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On August 26, 2018, a gunman opened fire at a video tournament in Jacksonville, Florida. Participants had gathered at the Good Luck Have Fun video game room inside Chicago Pizza to compete on the football video game, “Madden NFL 19.” Winners could then go on to compete in Las Vegas for larger cash prizes.

The shooter, 24-year-old David Katz, killed two people and injured eleven others, and then turned the gun on himself. A few weeks later, several of the victims filed a negligent security lawsuit, alleging the business owners and event organizers should have done more to protect their customers.

Business Owners Were Aware of the Danger

The Chicago Pizza where the attack occurred is inside the Jacksonville Landing shopping mall, which bans the lawful carry of firearms as a designated “gun-free zone.” According to the lawyers representing the victims, the shooting should have never happened and could have been prevented.

Businesses are responsible for taking reasonable steps to protect customers and are also supposed to include protection from foreseeable criminal acts. This is not the first shooting to take place at Jacksonville Landing.

In 2017, another shooting occurred outside the building when a bullet went through a window, shattering the glass. That shooting resulted in the death of a 16-year-old teen and serious injuries to a 13-year-old. Negligent security lawyers say that business owners were aware of the danger after that incident, and yet a second shooting was allowed to take place.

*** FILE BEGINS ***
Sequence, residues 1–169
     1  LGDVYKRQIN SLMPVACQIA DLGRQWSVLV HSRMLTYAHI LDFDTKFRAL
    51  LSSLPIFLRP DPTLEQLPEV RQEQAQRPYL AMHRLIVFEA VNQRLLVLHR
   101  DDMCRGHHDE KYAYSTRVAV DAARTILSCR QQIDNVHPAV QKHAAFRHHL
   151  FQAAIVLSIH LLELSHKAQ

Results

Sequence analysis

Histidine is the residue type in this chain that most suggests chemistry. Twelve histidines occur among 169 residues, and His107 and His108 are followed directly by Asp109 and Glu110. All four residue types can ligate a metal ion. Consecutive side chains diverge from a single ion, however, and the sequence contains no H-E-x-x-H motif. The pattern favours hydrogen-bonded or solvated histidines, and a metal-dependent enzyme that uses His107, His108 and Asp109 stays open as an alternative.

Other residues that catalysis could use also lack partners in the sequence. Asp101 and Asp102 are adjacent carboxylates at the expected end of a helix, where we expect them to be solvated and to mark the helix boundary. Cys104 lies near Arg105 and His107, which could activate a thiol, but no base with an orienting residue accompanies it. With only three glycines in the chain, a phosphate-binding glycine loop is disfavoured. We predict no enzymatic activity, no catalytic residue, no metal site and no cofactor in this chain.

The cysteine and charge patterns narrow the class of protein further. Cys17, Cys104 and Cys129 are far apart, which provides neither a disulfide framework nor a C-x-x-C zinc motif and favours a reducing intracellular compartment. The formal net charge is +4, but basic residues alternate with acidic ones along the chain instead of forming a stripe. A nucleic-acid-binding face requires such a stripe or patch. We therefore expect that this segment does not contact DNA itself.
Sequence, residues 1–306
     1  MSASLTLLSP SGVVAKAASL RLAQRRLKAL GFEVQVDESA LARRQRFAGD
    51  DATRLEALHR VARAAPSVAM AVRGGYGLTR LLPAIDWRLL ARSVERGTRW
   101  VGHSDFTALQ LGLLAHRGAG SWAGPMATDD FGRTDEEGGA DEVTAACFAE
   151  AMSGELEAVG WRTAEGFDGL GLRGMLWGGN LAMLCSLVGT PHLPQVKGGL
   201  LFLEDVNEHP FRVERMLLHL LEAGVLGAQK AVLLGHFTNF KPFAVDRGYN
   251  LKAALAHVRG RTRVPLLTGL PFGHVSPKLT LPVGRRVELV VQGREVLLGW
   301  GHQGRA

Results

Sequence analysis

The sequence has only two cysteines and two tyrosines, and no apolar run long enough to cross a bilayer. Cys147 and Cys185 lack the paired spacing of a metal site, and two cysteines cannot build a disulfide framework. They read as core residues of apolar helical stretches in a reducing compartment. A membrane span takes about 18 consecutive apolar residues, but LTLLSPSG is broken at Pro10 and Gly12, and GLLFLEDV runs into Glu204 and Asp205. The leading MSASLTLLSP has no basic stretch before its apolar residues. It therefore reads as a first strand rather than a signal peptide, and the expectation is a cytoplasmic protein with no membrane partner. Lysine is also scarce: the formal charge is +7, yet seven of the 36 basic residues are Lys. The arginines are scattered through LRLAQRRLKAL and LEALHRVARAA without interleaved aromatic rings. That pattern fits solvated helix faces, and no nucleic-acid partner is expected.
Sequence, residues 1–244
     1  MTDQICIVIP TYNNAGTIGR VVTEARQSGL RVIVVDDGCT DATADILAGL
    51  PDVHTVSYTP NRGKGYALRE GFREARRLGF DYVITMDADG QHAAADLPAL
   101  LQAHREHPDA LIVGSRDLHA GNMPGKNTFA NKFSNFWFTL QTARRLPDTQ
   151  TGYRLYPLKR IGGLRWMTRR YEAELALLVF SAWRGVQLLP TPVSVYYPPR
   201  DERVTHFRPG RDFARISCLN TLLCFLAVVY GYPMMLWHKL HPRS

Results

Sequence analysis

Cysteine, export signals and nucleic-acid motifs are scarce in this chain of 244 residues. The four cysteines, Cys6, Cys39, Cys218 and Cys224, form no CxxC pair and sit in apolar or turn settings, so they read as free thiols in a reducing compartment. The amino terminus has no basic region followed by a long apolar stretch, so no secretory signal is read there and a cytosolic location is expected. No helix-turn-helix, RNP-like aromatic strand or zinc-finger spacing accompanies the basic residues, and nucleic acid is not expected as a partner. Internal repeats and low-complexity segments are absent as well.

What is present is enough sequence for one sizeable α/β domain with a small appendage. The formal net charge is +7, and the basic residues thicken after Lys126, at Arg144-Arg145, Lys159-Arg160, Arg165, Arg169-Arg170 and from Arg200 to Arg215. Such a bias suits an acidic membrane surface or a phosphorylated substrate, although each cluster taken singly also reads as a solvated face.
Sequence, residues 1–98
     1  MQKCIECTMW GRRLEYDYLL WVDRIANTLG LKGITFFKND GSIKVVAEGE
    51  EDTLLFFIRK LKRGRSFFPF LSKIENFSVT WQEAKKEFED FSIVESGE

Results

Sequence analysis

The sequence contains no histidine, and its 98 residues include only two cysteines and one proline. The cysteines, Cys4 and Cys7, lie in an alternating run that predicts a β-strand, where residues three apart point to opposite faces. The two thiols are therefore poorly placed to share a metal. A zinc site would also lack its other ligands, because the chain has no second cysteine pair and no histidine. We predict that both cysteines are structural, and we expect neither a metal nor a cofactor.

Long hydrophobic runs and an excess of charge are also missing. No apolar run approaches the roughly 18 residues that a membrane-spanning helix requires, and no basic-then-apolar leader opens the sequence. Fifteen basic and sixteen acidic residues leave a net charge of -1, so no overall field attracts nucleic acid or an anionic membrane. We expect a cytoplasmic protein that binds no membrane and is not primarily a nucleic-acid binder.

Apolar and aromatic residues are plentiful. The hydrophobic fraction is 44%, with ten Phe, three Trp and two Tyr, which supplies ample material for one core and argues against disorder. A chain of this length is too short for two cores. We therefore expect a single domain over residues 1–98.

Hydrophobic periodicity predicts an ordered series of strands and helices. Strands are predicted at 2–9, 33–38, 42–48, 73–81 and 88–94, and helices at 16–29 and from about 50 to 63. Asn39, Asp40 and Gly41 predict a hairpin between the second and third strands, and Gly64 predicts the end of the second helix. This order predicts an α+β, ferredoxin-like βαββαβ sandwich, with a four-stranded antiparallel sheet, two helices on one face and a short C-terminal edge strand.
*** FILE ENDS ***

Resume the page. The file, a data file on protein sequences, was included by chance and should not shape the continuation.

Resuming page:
Were Jacksonville Landing and Other Business Owners Negligent?

Events like the gaming tournament can be expected to cause tension, as there are large cash prizes on the line. The question is, did the organizers and business owners put into place the proper safety measures?

When a property owner or business does not take the steps expected to protect consumers and an injury results, they may be held liable for damages, particularly if evidence shows that the crime was “foreseeable,” and that the business or property owner failed to take “reasonable” steps to prevent the crime.

Attorneys for the Jacksonville victims note that in the wake of increased shootings, it is time to demand more from business owners and event organizers.

How Businesses Fall Short of Providing Proper Security

Some common security program deficiencies may include the following:

  • Outdated or inadequate security plans and procedures
  • Lack of adequate security staff
  • Failing to stay aware of current crime conditions in the area
  • Inadequate lighting
  • Inadequate, inoperative, or poorly maintained security system equipment
  • Failure to take violence threats seriously
  • Lack of employee training

Some businesses require more security than others. Those holding an event such as this, for example, would be expected to have a higher level of security than a similar business not holding such events. Businesses in high-crime areas, or even in areas where there is proven crime potential, also should implement heightened security measures.

This is the first lawsuit to be filed concerning the Jacksonville shooting, but there may be more in the future.

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